X = log_returns['^GSPC'].iloc[1:].to_numpy().reshape(-1, 1)
Y = log_returns['AAPL'].iloc[1:].to_numpy().reshape(-1, 1)
 
lin_regr = LinearRegression()
lin_regr.fit(X, Y)
 
lin_regr.coef_[0, 0]

Also giving 1.25. Hence, it is the same calculation behind it.

Want more?

This is part of a 2.5 hours in 8 lessons video course about Risk and Return.

How to use Linear Regression to Calculate the Beta to the General Market (S&P 500)

What will we cover?

In this lesson we will learn about Linear Regression, difference from Correlation and how to visualize Linear Regression.

The objective of this tutorial is.

  • Understand the difference between Linear Regression and Correlation.
  • Understand the difference between true random and correlated variables
  • Visualize linear regression.

Step 1: Similarities and differences between linear regression and correlation

Let’s first see what the similarities and difference between Linear Regression and Correlation is.

Similarities.

  • Quantify the direction and strength of the relationship between two variables, here we look at stock prices.

Differences.

  • Correlation is a single statistic. It is just a number between -1 and 1 (both inclusive).
  • Linear regression produces an equation.

Step 2: Visualize data with no correlation

A great way to learn about relationships between variables is to compare it to random variables.

Let’s start by doing that.

import pandas as pd
import numpy as np
from sklearn.linear_model import LinearRegression
import pandas_datareader as pdr
import datetime as dt
import matplotlib.pyplot as plt
%matplotlib notebook
 
X = np.random.randn(5000)
Y = np.random.randn(5000)
 
fig, ax = plt.subplots()
ax.scatter(X, Y, alpha=.2)

Giving the following scatter chart.

Which shows the how two non-correlated variables look like.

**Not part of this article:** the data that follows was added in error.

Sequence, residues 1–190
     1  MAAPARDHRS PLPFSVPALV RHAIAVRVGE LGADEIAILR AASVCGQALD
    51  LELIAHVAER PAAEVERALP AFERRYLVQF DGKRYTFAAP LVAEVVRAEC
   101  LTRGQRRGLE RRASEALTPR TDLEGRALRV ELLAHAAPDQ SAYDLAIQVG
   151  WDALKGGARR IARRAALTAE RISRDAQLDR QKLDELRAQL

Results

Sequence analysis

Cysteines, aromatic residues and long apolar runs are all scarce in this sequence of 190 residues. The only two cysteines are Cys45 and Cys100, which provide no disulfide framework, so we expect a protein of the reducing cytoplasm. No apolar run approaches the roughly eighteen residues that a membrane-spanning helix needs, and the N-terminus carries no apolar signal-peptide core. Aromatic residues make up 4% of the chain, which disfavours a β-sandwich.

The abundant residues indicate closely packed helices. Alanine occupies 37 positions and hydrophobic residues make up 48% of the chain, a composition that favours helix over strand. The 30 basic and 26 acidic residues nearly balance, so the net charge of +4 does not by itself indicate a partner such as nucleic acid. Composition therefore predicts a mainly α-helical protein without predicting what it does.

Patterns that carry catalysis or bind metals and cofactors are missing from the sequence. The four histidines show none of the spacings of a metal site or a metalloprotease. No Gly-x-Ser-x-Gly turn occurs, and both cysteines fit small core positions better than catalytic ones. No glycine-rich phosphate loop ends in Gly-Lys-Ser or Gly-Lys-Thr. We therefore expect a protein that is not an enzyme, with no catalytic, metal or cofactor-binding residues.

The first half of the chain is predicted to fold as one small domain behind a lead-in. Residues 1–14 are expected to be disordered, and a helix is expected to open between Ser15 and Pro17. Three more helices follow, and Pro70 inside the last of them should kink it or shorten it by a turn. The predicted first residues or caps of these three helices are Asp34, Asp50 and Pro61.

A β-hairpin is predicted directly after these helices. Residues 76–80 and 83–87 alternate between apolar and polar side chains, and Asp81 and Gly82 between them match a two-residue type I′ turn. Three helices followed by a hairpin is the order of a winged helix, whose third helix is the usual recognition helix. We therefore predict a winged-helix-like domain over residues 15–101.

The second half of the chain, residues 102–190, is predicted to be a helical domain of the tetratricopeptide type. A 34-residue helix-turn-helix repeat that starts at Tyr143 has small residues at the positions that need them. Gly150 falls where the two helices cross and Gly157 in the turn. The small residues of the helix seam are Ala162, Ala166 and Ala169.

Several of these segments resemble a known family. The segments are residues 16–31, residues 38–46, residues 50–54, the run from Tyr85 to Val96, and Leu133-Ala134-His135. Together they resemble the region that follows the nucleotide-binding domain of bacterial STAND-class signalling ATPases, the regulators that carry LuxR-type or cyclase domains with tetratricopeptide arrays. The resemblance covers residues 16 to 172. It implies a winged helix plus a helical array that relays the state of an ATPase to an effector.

Step 3: How to visualize correlated stock prices

To compare that to two correlated, we need some data.

tickers = ['AAPL', 'TWTR', 'IBM', 'MSFT', '^GSPC']
start = dt.datetime(2020, 1, 1)
 
data = pdr.get_data_yahoo(tickers, start)
data = data['Adj Close']
log_returns = np.log(data/data.shift())

Let’s make a function to calculate the Liner Regression and visualize it.

def linear_regression(ticker_a, ticker_b):
    X = log_returns[ticker_a].iloc[1:].to_numpy().reshape(-1, 1)
    Y = log_returns[ticker_b].iloc[1:].to_numpy().reshape(-1, 1)
 
    lin_regr = LinearRegression()
    lin_regr.fit(X, Y)
 
    Y_pred = lin_regr.predict(X)
 
    alpha = lin_regr.intercept_[0]
    beta = lin_regr.coef_[0, 0]
 
    fig, ax = plt.subplots()
    ax.set_title("Alpha: " + str(round(alpha, 5)) + ", Beta: " + str(round(beta, 3)))
    ax.scatter(X, Y)
    ax.plot(X, Y_pred, c='r')

The function takes the two tickers and get’s the log returns in NumPy arrays. They are reshaped to fit the required format.

The the Linear Regression model (LinearRegression) is used and applied to predict values. The alpha and beta are the liner variables. Finally, we scatter plot all the points and a prediction line.

Let’s try linear_regression(“AAPL”, “^GSPC”).

Where we see the red line as the prediction line.

Step 4: A few more examples

Other examples linear_regression(“AAPL”, “MSFT”)

And linear_regression(“AAPL”, “TWTR”).

Where it visually shows that AAPL and TWTR are not as closely correlated as the other examples.

Want more?

This is part of 8 lesson and 2.5h video course with prepared Jupyter Notebooks with the Python code.

How to Calculate Correlation between Stock Price Movements with Python

What will we cover?

In this lesson we will learn about correlation of assets, calculations of correlation, and risk and coherence.

The learning objectives of this tutorial.

  • What is correlation and how to use it